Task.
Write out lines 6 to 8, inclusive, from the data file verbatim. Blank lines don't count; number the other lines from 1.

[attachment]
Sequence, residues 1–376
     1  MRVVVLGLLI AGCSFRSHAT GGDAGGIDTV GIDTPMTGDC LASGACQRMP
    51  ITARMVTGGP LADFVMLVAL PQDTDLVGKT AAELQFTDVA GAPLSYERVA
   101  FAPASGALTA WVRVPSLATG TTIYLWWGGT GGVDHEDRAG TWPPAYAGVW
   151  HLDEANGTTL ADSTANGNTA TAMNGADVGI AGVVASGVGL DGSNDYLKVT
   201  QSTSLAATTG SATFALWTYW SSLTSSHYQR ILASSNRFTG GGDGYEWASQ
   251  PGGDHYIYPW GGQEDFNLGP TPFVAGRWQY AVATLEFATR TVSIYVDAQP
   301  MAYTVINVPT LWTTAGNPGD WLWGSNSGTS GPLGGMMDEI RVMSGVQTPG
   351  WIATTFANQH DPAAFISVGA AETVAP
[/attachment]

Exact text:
   201  QSTSLAATTG SATFALWTYW SSLTSSHYQR ILASSNRFTG GGDGYEWASQ
   251  PGGDHYIYPW GGQEDFNLGP TPFVAGRWQY AVATLEFATR TVSIYVDAQP
   301  MAYTVINVPT LWTTAGNPGD WLWGSNSGTS GPLGGMMDEI RVMSGVQTPG